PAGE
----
Date of Award:
Master of Science (MS)
Department name when degree awarded
Clyde T. Hardy
Clyde T. Hardy
James P. McCalpin
Donald W. Fiesinger
The central part of Clarkston Mountain is located in northcentral Utah in the southern part of the Malad Range. It is northwest of Clarkston, Utah. The mapped area measures 2.5 mi. in the north-south direction and 6.5 mi. in the east-west direction. It is within the Basin and Range Province.
The Ute Formation of Middle Cambrian age is the oldest exposed stratigraphic unit. Other Cambrian units, in ascending order, are: Blacksmith Formation, Bloomington Formation, Nounan Formation, and St. Charles Formation. These units consist predominantly of limestone, dolostone, and shale. Units of Ordovician age include the Garden City Formation and the Swan Peak Formation. They consist of limestone and orthoquartzite, respectively. The youngest Paleozoic unit is the Fish Haven-Laketown Formation of Ordovician-Silurian age. It is dolostone. Units of Quaternary age include colluvial deposits, Lake Bonneville Group, and alluvial deposits.
West-dipping, low-angle normal faults generally trend north and northwest. They were originally thrust faults formed during regional compression. A bedding-plane thrust fault separates the Bloomington and Nounan Formations.
Later reversed movement on the west-dipping, low-angle thrust faults changed the stratigraphic relationships across these faults to those characteristic of normal faults. High-angle normal faults trend northwest, north, and northeast. Major normal faults extend along the western and eastern sides of Clarkston Mountain and are responsible for the present topographic relief.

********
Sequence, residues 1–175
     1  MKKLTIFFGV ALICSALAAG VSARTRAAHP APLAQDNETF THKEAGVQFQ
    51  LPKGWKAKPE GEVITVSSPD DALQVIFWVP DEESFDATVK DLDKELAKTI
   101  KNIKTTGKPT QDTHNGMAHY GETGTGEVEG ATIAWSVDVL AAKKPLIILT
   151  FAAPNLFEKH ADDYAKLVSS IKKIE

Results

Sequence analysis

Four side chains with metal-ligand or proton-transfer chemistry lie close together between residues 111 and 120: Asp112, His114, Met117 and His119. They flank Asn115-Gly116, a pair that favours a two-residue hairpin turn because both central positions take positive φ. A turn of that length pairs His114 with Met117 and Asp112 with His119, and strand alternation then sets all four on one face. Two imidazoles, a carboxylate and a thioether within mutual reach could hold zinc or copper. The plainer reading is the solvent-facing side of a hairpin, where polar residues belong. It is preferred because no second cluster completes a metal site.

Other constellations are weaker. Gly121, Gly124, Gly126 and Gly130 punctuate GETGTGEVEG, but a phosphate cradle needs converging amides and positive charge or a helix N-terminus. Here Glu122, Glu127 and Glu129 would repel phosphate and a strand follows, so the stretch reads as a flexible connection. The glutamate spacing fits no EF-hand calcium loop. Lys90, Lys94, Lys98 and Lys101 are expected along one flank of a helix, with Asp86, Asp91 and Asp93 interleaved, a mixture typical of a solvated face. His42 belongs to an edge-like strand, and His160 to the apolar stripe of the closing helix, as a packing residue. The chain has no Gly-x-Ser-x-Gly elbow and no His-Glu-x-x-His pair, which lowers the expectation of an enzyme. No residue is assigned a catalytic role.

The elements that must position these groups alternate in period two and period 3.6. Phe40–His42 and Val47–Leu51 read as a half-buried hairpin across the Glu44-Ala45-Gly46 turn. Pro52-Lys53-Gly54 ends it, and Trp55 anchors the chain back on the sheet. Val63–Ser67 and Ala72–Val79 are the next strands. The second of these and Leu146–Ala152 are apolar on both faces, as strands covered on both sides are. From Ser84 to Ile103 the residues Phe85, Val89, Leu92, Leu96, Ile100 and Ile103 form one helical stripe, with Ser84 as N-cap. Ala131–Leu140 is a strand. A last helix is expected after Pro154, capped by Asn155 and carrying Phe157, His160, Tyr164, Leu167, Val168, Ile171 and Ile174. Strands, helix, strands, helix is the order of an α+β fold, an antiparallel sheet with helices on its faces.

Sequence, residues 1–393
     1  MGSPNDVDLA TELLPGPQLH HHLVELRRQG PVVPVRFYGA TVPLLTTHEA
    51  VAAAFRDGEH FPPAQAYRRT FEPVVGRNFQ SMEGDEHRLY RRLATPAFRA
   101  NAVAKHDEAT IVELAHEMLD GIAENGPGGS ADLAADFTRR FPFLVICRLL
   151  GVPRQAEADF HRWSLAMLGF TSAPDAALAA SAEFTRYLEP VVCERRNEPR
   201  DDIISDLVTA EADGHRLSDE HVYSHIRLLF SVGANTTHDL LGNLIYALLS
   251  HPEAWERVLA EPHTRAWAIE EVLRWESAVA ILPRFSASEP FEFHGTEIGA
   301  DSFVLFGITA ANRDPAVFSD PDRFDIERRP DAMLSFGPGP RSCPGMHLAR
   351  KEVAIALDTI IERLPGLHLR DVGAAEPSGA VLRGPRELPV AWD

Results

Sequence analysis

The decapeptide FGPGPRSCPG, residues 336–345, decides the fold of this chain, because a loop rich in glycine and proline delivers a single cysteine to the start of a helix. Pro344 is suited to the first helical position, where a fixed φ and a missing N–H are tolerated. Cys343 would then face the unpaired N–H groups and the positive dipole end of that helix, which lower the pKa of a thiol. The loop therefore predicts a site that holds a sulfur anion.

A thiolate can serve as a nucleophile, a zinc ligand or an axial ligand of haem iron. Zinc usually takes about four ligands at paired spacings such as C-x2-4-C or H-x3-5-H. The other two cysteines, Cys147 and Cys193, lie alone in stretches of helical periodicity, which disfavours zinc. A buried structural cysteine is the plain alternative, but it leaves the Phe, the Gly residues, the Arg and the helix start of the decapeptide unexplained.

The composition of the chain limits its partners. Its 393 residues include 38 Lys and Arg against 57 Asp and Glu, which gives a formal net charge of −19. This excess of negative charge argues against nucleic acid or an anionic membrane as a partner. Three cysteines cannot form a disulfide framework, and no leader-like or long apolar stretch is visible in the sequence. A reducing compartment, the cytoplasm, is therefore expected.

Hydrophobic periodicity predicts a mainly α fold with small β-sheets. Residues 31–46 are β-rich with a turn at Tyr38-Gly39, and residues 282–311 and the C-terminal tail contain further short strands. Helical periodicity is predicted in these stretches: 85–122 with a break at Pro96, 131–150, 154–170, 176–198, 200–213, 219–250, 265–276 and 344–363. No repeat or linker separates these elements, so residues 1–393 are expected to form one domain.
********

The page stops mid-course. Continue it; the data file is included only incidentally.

The structural features of the mapped area are the result of two major tectonic events. The Sevier orogeny produced eastward directed thrust faults. It began in Late Jurassic and ended in early Eocene. Basin and Range normal faulting caused reversed movement on west-dipping thrust faults, formed by the Sevier orogeny, and also produced many high-angle normal faults. It began in early Eocene and has continued into historic time in the region.
Green, Douglas A., "Structural Geology of the Central Part of Clarkston Mountain, Malad Range, Utah" (1986). All Graduate Theses and Dissertations, Spring 1920 to Summer 2023. 6683.
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